The Black Lives Matter movement, and the response to it, have begun to shift certain cultures in the world toward more social justice, although, sadly, the brutality directed at peaceful protestors has shown quite the opposite of upholding civil rights.
Positive peace can only exist where social justice applies equally to all racial, ethnic and cultural groups; indeed, to all individuals in a society.
Many of the social and cultural underpinnings of the pre-Covid19 world have been ripped up by the “lockdowns”, “social distancing”, and restrictions that have been put in place by governments to control the spread of the coronavirus.
The effect of this is that there exists at this point a new kind of cultural, and political plasticity, where things that were thought of as solid and sacred before Covid19, are now no longer solid and sacred.
The death of George Floyd under the knee of a police officer, occurring as the world struggles to deal with the Pandemic, has been the catalyst for significant decisions and actions that seem to be moving at least the U.S. in the direction of greater social justice.
It is tragic that it took his dying to prompt cultures, especially in the West, to look at how they have continued for generations to sanctify those historical individuals involved in promoting slavery, and have continued to support institutions, such as the police, where racism has found fertile ground to thrive.
That statues of slave traders, and slave holders have come down, since the death of George Floyd, and that the flag of the Confederacy has been banned by NASCAR, and eliminated from Mississippi’s state flag, are partly due to the movement George Floyd’s death gave rise to. But it is also due to the new fluidity of culture, and the throwing out, or suspension, of the old rules, that has arisen in the middle of the pandemic. The recent decision of the Supreme Court to uphold the rights of the DACA recipients or Dreamers is a welcome breath of fresh air in a world that had been becoming hyper-nationalistic.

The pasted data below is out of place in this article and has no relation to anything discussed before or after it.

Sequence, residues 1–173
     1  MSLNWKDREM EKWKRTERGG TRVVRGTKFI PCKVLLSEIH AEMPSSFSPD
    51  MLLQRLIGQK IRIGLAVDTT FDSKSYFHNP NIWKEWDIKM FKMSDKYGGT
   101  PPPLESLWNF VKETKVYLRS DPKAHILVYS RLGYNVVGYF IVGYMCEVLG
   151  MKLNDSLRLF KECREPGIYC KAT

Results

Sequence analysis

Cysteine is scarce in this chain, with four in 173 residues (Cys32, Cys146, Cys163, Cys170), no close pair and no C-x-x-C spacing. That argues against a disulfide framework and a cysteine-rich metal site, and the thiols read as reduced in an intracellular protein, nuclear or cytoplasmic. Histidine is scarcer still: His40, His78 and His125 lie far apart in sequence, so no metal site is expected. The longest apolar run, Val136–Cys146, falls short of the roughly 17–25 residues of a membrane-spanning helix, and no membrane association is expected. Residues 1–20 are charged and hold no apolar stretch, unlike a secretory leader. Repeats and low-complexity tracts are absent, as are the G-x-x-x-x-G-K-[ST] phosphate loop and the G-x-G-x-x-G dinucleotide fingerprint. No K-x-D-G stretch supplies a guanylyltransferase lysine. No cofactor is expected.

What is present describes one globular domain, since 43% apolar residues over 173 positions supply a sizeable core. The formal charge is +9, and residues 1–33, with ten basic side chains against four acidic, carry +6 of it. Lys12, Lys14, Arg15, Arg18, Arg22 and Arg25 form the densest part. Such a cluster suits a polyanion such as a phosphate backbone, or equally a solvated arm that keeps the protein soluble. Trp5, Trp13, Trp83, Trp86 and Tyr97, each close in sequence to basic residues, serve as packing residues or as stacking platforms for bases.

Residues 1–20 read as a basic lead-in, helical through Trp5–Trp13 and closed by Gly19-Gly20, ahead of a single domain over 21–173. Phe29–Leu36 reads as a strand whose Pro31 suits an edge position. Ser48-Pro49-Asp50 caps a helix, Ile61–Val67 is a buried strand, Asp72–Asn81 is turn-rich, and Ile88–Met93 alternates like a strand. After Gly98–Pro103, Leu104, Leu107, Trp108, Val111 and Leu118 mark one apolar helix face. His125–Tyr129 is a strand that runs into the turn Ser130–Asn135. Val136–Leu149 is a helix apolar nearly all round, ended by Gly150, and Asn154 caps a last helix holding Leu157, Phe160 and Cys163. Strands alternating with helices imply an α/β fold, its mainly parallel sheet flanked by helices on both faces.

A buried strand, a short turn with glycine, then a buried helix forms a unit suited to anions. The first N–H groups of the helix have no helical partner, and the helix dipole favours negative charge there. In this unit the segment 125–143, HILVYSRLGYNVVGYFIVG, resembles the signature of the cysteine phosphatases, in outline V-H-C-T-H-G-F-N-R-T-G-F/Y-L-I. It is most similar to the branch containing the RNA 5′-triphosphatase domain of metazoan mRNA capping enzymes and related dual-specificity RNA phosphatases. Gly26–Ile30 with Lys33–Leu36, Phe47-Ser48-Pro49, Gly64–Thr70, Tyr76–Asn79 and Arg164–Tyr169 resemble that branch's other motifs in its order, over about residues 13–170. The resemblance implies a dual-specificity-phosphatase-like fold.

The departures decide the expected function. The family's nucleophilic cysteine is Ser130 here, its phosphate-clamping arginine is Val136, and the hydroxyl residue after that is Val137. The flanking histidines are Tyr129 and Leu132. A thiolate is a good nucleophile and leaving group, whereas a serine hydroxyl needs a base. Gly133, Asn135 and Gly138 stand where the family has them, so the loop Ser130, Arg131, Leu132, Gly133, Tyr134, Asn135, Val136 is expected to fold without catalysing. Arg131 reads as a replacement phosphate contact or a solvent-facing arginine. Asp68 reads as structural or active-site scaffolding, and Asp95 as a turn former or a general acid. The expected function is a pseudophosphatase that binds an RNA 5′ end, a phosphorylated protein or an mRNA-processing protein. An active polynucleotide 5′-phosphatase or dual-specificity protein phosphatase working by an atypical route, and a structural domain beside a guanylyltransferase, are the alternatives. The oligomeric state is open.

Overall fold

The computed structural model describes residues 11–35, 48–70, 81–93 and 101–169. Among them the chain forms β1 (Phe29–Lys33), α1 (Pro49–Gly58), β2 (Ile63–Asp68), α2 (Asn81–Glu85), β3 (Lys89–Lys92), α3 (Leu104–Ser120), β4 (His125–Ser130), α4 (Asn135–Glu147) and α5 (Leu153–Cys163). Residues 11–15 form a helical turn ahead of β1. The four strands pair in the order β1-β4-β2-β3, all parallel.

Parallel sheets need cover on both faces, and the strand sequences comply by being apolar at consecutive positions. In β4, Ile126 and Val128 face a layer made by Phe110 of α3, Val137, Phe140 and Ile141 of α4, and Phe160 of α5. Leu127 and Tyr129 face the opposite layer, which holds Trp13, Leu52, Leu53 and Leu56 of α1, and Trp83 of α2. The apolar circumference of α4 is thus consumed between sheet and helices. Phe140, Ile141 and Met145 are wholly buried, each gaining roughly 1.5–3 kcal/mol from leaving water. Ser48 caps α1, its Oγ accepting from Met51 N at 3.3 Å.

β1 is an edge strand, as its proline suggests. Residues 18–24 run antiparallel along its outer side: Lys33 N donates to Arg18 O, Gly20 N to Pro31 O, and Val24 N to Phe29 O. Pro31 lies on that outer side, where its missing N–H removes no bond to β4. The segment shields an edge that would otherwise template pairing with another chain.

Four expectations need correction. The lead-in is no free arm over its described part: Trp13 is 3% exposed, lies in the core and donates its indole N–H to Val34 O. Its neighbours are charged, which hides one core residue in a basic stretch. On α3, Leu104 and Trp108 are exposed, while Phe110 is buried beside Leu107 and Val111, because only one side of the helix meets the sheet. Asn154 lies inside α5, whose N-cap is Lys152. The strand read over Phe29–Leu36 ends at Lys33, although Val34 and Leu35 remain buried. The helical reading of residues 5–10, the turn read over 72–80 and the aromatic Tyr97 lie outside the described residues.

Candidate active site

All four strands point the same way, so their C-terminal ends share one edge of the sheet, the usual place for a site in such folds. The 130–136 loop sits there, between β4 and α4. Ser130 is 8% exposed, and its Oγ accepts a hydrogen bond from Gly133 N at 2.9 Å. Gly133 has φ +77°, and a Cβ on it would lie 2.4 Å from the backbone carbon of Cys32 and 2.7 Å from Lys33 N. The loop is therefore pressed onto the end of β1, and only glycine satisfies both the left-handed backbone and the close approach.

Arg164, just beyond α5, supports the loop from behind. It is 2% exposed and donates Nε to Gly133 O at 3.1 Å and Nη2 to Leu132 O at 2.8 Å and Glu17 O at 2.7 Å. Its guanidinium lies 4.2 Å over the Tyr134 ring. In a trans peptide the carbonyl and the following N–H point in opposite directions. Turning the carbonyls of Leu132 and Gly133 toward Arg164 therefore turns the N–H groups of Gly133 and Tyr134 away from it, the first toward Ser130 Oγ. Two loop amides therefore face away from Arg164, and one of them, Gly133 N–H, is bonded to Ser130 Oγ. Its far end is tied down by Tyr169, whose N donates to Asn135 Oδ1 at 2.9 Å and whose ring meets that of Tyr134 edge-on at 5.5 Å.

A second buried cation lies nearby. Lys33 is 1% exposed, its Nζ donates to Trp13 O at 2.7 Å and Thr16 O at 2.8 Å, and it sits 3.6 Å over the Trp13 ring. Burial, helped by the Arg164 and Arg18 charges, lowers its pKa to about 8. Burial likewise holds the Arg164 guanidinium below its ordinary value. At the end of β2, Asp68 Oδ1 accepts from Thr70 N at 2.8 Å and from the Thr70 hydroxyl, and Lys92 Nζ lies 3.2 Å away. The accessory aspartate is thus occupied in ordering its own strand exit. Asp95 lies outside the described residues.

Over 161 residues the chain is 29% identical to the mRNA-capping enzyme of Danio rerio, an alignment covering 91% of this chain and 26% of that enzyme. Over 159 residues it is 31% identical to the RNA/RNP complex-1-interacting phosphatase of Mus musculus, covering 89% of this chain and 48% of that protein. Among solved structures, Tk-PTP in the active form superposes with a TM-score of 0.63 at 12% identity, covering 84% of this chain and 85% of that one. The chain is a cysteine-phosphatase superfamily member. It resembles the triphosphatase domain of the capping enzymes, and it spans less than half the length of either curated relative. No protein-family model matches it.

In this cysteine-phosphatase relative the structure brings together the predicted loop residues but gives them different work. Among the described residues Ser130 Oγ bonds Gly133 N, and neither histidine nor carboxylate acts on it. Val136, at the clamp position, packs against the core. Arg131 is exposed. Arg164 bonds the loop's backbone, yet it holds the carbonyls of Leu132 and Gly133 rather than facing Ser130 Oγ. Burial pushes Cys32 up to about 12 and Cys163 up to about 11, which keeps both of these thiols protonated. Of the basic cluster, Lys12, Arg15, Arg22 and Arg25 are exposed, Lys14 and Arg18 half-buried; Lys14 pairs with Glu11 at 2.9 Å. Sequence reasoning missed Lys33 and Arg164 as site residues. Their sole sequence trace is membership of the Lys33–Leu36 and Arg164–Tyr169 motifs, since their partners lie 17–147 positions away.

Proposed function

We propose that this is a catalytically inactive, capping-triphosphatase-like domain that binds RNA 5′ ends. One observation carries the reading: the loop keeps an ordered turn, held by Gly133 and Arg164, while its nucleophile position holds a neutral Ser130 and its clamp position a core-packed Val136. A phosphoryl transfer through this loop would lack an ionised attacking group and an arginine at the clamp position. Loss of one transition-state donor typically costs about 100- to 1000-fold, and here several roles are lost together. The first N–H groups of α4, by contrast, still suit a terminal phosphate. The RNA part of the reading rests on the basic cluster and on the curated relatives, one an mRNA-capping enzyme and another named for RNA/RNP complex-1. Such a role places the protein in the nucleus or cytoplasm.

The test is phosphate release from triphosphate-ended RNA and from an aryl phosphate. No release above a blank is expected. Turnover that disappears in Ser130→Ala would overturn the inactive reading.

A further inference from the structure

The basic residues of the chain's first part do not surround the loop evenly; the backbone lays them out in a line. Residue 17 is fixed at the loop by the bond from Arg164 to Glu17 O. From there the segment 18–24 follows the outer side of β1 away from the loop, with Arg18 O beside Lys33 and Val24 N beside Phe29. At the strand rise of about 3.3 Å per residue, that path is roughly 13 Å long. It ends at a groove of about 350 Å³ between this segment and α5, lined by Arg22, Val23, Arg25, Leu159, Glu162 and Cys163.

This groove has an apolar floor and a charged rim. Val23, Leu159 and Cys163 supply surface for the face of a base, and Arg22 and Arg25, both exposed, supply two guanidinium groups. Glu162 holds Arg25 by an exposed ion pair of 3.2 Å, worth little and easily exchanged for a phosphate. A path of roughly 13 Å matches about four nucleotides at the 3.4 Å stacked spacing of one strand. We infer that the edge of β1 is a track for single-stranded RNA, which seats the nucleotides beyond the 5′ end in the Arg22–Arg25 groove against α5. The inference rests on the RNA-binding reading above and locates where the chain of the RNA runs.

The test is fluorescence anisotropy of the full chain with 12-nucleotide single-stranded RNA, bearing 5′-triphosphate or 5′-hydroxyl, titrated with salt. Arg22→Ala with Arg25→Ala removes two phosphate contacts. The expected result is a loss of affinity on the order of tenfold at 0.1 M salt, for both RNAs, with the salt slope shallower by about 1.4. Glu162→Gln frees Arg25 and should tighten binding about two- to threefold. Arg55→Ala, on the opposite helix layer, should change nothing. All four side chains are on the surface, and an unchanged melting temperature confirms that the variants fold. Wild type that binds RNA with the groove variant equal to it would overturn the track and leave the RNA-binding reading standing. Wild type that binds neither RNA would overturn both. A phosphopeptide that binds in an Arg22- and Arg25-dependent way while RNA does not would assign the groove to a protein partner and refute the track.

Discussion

Peace often does not come from an absence of violence. On a grand scale, the massive death and destruction of World War II, gave rise to a new kind of peace, built ironically on the existence of mutually assured annihilation between East and West.
There have been countless deaths like the “I cannot breathe” killing of George Floyd. But perhaps this catalyst, this tragic death, might usher in a new epoch of greater social justice in certain parts of the world. I hasten to add that in some countries, like Brazil, Russia and China, there is a conspicuous lack of social justice, and in the U.S. there remain massive institutional and political barriers to civil rights applying equally to all citizens.
The top-to-bottom reform of police departments, and of racist sentencing practices would help usher us into this new epoch, as well as establishing ways, through education especially, for poverty to cease to be handed down through the generations like a yoke of oppression. The city of Camden in New Jersey did totally reform its police department, letting go all the police officers in 2013 who presided over a sky-high murder rate, and a new police department, controlled by the County, came into being. It was not an immediate fix, and teething problems had to be corrected. But it is a great example of how police reform can be made to work to make a community safer and more peaceful. Here is an article that describes the process:
Perhaps what we are seeing in the US, and in some other countries, are the green shoots of a more peaceful and equitable world – green shoots we need to nurture to become the oaks and sequoias of the future.